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Monday, July 26, 2010

Iowa Sports Hall of Fame:Barry Alvarez fueled football legacy in Mason City





BY ANDREW LOGUE

JULY 25, 2010

The walls of apathy crumbled when Barry Alvarez arrived in Mason City.

It was 1976 — a time when bell-bottoms were more common than barbells – and the 29-year-old coach ushered in a new era of Mohawk football by renovating the high school’s training facilities.

“He and the assistant coaches went in there with a sledge hammer,” recalls Scott Raridon, a former offensive lineman. “They say in ‘77 he had the nicest weight room in the state … and it was built by hand.”

A state championship followed in ’78, establishing the blueprint for achievement that Alvarez would use while transforming Wisconsin into a Big Ten Conference powerhouse of the 1990s.

He now becomes the 203rd inductee to the Des Moines Sunday Register’s Iowa Sports Hall of Fame.

“I think his players just thought the world of him,” former Iowa coach Hayden Fry said. “And, of course, when they really like a coach, they’re going to listen to him.”


Alvarez was a member of Fry’s Hawkeye staff from 1979-86, then served as linebackers coach and later became the defensive coordinator for Lou Holtz at Notre Dame.

He also played linebacker for the iconic Bob Devaney at Nebraska from 1965-67. But his blunt, hands-on approach to the game was developed in the steel-mill town of Langeloth, Pa., where Alvarez’s family settled after his grandparents immigrated to the United States.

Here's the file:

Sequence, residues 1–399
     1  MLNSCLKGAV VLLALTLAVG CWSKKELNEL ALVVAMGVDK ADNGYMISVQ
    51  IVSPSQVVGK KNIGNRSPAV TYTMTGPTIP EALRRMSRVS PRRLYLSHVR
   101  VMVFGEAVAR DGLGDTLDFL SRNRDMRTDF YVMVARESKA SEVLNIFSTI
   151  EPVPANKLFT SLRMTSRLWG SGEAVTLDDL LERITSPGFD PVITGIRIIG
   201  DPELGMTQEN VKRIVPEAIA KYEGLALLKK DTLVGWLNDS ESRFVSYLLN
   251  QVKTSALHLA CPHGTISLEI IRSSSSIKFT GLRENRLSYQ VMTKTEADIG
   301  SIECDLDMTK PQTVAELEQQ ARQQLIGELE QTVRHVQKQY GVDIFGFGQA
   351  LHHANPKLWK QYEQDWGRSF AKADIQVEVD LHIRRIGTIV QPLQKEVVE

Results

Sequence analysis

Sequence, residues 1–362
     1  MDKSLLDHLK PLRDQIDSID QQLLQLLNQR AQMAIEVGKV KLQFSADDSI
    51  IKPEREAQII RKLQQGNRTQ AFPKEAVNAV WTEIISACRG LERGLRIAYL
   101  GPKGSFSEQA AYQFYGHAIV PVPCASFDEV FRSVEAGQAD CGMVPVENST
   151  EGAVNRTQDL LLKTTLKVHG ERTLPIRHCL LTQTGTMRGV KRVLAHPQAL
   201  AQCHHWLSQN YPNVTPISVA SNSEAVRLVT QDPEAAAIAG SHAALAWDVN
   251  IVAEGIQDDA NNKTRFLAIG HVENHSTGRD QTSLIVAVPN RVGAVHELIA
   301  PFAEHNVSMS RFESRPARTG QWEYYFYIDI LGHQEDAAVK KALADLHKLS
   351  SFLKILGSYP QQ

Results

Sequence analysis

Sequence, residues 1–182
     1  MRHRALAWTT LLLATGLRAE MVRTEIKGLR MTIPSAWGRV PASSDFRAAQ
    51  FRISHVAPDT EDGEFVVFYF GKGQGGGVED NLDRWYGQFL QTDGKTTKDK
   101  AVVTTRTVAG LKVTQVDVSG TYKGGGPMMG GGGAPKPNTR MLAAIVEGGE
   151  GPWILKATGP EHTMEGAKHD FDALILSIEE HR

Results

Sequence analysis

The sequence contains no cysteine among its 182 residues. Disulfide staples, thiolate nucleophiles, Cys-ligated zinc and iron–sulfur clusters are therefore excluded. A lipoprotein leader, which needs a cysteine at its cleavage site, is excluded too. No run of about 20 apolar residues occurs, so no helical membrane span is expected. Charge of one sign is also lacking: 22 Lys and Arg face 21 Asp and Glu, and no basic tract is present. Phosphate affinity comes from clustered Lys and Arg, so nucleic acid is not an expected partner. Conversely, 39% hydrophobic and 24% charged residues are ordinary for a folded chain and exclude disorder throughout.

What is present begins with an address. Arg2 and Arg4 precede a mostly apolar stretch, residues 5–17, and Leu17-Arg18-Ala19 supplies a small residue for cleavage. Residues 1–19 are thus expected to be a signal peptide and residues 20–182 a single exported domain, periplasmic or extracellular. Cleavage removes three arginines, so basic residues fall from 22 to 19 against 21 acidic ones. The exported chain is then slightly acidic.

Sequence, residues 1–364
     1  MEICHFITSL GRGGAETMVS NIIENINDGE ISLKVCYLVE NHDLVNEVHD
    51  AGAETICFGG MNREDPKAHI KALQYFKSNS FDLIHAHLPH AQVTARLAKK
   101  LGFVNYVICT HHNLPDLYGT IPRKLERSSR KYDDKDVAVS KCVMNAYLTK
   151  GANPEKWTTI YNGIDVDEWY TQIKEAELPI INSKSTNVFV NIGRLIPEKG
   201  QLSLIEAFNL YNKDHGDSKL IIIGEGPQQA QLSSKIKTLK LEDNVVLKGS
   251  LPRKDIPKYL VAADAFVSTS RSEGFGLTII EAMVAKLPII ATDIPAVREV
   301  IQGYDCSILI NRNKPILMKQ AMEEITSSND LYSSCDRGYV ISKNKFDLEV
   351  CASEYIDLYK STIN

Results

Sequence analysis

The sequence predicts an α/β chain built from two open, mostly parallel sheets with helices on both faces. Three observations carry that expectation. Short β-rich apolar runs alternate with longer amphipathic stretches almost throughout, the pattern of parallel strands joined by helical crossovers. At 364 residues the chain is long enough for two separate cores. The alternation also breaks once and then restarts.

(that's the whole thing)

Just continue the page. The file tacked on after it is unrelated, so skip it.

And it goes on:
“I’m very proud of my heritage,” Alvarez said. “My family comes from Northern Spain. I still have uncles, aunts and cousins back there.”

The man who would guide Wisconsin to three Rose Bowl victories was a successful coach in Lexington, Neb., before being lured to Mason City.

He inherited a team in need of remodeling.

“The enthusiasm was just gone,” Raridon said. “They were getting 30 kids out for football and hadn’t won a game in so long. The program was just a disaster.”

The 6-foot-3 Raridon figured his athletic future would be in basketball.

Instead, with Alvarez providing a nudge, he would go on to earn all-America honors as an offensive tackle for Nebraska.

“If Barry Alvarez doesn’t go to Mason City,” Raridon says, “my whole entire life is different. No doubt about it.”

Alvarez secured the money for state-of-the-art workout equipment, then began forming a bond with his players.

Together, they made old Roosevelt Stadium, located on Pennsylvania Avenue, a Friday night hot spot.

“There are some who lead and coach by fear,” Raridon said. “And there are some who lead and coach by loyalty. Barry Alvarez is a loyalty guy. As a player, you just absolutely did not want to let him down.”

The Mohawks lost just once — a triple-overtime defeat to Fort Dodge — en route to the 1978 Class 4-A state championship. When they beat the Dodgers in a playoff semifinal, a pep rally was held at a disco hall known as “The Runway.”